No hate crime, FBI says -- rope likely used to pull down overhead door

Driver Bubba Wallace takes a selfie with himself and other drivers that pushed his car to the...
Driver Bubba Wallace takes a selfie with himself and other drivers that pushed his car to the front in the pits of the Talladega Superspeedway prior to the start of the NASCAR Cup Series auto race at the Talladega Superspeedway in Talladega Ala., Monday June 22, 2020. In an extraordinary act of solidarity with NASCAR’s only Black driver, dozens of drivers pushed the car belonging to Bubba Wallace to the front of the field before Monday’s race as FBI agents nearby tried to find out who left a noose in his garage stall over the weekend. (AP Photo/John Bazemore)(AP Photo/John Bazemore | AP Photo/John Bazemore) (WBAY)
Published: Jun. 24, 2020 at 9:59 AM EDT
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(AP) - The FBI said Tuesday that NASCAR driver Bubba Wallace was not the target of a hate crime after agents determined the noose found in Wallace’s Talladega, Alabama, garage was there as far back as last fall.

Federal authorities said there will be no charges filed.

The agencies concluded the rope hanging in the garage was fashioned like a noose, but photo evidence revealed it was there in October 2019 — well before Wallace’s arrival. U.S. Attorney Jay Town and FBI Special Agent in Charge Jonnie Sharp Jr. said “nobody could have known Mr. Wallace would be assigned to garage number 4 last week.”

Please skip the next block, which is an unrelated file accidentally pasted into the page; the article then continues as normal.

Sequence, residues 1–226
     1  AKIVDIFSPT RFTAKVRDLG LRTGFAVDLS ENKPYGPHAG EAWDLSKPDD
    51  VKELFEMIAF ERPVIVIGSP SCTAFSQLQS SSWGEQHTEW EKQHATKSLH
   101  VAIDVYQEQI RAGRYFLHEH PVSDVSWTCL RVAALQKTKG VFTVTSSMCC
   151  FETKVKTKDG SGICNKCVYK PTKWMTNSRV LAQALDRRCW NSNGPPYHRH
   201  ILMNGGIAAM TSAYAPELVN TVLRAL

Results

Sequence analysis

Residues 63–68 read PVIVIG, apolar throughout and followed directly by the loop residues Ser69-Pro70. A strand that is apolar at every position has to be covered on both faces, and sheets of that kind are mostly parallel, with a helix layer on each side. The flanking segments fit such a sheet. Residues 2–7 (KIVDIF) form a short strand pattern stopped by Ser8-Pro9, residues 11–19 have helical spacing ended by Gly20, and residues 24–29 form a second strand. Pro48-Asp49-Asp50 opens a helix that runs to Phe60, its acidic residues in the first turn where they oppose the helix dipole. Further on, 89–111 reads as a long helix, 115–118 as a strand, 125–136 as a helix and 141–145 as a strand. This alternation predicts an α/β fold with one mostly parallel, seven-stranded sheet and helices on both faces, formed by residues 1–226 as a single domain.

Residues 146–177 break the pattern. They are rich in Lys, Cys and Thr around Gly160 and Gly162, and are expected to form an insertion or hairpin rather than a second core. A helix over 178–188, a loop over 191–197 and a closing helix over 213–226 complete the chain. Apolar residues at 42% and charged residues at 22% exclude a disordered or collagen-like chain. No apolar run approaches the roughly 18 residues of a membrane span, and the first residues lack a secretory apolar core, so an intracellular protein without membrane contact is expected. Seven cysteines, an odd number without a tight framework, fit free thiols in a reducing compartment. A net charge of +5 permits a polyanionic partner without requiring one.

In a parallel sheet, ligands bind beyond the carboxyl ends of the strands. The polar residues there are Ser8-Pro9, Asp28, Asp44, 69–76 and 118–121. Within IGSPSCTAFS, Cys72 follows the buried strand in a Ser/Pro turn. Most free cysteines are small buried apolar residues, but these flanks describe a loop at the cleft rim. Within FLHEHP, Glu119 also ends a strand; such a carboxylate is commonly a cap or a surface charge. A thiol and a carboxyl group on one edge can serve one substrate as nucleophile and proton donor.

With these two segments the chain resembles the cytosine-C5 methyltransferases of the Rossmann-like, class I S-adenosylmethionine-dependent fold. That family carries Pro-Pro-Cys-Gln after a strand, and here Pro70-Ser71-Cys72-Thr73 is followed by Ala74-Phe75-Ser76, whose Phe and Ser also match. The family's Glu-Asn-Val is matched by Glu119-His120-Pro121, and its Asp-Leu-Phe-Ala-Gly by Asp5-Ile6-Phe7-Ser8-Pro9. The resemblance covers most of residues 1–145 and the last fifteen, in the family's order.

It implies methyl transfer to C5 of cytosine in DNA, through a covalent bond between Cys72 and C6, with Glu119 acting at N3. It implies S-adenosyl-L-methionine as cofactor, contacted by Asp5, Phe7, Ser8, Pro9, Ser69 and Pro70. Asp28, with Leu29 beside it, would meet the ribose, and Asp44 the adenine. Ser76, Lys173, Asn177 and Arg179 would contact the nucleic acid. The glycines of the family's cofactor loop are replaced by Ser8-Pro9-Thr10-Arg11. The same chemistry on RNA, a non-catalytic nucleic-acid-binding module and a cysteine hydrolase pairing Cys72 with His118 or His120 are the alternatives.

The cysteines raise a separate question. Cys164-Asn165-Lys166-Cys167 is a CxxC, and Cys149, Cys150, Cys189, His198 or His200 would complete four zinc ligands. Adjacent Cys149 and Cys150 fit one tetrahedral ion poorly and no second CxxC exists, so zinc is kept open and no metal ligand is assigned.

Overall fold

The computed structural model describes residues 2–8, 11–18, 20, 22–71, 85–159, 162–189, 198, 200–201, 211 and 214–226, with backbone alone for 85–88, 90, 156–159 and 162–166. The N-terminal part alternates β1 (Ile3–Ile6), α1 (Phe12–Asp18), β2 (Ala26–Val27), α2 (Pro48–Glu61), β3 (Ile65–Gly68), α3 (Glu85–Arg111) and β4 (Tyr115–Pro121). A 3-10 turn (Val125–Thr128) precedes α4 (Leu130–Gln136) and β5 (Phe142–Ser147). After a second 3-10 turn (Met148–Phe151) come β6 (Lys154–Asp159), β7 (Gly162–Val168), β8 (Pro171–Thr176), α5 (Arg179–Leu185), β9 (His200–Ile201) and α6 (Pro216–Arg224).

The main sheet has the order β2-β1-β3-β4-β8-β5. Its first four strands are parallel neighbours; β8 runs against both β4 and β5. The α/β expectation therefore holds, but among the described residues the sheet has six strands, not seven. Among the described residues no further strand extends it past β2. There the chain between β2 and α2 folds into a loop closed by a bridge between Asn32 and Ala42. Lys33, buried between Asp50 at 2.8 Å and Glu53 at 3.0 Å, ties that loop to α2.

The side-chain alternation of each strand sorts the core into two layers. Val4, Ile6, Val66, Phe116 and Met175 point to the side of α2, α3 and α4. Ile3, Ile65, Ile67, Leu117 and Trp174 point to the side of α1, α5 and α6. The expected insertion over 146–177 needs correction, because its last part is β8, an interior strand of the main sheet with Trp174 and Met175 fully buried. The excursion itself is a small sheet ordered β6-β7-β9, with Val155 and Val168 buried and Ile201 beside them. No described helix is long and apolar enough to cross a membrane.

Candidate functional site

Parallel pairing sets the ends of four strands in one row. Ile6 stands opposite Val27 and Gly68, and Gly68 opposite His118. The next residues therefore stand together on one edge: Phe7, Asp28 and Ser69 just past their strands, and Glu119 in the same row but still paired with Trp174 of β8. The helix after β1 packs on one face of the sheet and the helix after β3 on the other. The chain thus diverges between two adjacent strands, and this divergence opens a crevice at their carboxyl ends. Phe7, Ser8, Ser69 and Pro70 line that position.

“We appreciate the FBI’s quick and thorough investigation and are thankful to learn that this was not an intentional, racist act against Bubba,” NASCAR said in a statement. “We remain steadfast in our commitment in providing a welcoming and inclusive environment for all who love racing.”

On Sunday, a crew member for Richard Petty Motorsports discovered the noose at the Alabama race track and alerted NASCAR officials. The racing company then contacted the FBI, which sent 15 agents to investigate.

Wallace is NASCAR’s only Black full-time driver. He made waves earlier this month when he called for the racing league to ban the Confederate flag from its events, which NASCAR then did.

Upon discovering the rope over the weekend, NASCAR said it strongly condemned the “heinous act,” adding it was “angry and outraged.” Wallace had said he was saddened by the “despicable act of racism.” The racing world rallied around Wallace, joining in a walk of solidarity before Monday’s race. An emotional Wallace, who was seen shedding tears following the walk, thanked fans after the race — high-fiving fans seen in “Black Lives Matter” t-shirts.